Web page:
So does Intel. The issue for Intel is likely all about margins — the company doesn't want to lower its gross margins. Intel could no doubt make its chips score better on power consumption, simply by lowering their performance. However, Intel wouldn't be able to charge as much for these chips (hint: performance is more the driver for price than power consumption).

Certainly, the best ARM processors next year and even through 2014 can't come close to providing the performance necessary for MacBook Air-class laptops. Still, perhaps in a few years, Apple might be able to have ARM-based processors good enough for a MacBook.

So, Apple's dance with its partner Intel continues. Apple can keep up the pressure in negotiations: make the lower-power and more importantly, lower-cost processors Apple wants, or Cupertino will phase out Intel. And now Apple doesn't just have to point Intel to stories about rumored future products; it can now point at the A7 and let Intel guess about the A-series roadmap. That won't take a clairvoyant.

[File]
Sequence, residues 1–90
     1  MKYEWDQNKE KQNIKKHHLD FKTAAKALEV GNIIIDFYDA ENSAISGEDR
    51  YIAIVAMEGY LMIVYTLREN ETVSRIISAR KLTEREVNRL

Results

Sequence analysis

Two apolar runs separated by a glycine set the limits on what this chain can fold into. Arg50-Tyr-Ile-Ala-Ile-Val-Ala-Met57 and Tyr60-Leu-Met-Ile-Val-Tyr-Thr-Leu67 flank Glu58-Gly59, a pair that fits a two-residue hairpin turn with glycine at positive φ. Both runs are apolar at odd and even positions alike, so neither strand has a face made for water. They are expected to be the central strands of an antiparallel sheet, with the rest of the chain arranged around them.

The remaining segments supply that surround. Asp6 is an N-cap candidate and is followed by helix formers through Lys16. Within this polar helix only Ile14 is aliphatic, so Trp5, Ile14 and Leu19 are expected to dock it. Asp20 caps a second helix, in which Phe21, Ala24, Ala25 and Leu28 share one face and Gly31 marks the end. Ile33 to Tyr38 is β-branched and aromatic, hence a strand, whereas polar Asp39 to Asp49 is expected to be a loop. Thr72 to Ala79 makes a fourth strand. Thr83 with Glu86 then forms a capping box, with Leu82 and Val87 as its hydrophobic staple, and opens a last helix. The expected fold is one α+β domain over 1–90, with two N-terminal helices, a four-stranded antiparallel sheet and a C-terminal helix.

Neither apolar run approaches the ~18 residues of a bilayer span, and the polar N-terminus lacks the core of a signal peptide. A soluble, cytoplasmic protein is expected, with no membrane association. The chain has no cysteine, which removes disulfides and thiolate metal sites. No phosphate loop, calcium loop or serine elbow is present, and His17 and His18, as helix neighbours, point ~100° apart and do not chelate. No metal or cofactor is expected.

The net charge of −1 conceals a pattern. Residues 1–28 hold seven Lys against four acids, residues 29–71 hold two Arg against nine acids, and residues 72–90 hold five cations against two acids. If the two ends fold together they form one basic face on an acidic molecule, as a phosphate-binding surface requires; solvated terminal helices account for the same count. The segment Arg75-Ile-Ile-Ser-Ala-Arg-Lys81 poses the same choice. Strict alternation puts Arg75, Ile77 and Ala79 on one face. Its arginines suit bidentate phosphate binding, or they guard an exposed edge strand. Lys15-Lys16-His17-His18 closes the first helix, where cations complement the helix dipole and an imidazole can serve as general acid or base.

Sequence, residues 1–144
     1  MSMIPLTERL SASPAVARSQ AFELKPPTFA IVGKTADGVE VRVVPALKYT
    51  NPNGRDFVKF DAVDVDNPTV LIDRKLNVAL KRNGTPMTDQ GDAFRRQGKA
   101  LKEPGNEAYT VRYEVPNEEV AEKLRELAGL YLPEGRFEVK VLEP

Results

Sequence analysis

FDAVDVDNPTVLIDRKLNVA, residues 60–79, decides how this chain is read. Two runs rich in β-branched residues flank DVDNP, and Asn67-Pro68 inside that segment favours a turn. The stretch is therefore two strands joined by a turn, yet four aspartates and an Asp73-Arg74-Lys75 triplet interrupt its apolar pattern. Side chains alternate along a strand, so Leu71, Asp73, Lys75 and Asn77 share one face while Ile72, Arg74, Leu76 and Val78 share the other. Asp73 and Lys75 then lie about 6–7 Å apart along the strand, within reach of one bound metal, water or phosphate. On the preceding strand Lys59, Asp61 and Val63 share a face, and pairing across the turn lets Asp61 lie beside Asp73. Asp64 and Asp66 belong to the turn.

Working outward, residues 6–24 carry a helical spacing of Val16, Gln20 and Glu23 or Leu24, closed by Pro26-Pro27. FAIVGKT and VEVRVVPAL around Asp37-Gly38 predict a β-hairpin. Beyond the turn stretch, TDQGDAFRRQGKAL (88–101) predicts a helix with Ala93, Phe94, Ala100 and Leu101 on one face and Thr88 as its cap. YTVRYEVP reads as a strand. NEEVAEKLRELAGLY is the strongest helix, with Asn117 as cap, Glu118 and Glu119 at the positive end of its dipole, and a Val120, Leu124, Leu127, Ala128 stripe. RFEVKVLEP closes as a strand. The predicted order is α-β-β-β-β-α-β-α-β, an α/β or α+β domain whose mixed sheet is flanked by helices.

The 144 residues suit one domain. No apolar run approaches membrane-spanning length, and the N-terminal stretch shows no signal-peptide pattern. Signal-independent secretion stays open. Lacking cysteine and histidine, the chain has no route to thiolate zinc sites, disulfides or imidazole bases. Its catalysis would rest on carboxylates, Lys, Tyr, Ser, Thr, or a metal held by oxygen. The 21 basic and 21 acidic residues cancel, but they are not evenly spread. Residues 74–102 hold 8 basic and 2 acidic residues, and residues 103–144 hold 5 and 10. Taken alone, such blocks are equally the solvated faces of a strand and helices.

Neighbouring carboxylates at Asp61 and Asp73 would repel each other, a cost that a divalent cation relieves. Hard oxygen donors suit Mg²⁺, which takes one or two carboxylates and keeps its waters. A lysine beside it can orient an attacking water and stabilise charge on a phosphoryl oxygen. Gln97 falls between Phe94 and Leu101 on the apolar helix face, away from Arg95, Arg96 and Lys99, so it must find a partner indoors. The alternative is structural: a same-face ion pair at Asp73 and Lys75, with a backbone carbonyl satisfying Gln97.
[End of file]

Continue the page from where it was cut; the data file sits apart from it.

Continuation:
Topics: Apple, iOS, iPhone, Windows

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  • Shhhhhh! It's a Samsung chip....

    The new A7 chip is a Samsung chip, not an Apple one - just used by Apple. Given the very public disputes in courtrooms round the globe, would Apple want to tie its desktop line to Samsung as well as its phones?
    • No, it is an Apple chip

      made by Samsung.
      • It's PWRficient Dual Core 64bit cores in a SoC!

        This is why it's so huge a footprint. Plus that's why they put an outside 3rd party co-processor in it too. The PA Semi 64bit core design was meant to compete with Intel from the start. It's basically a cross between an ARM RISC design and an IBM PowerPC RISC core. Which would be easy to map out for a genius like Jim Kelly with ARM Instruction Sets!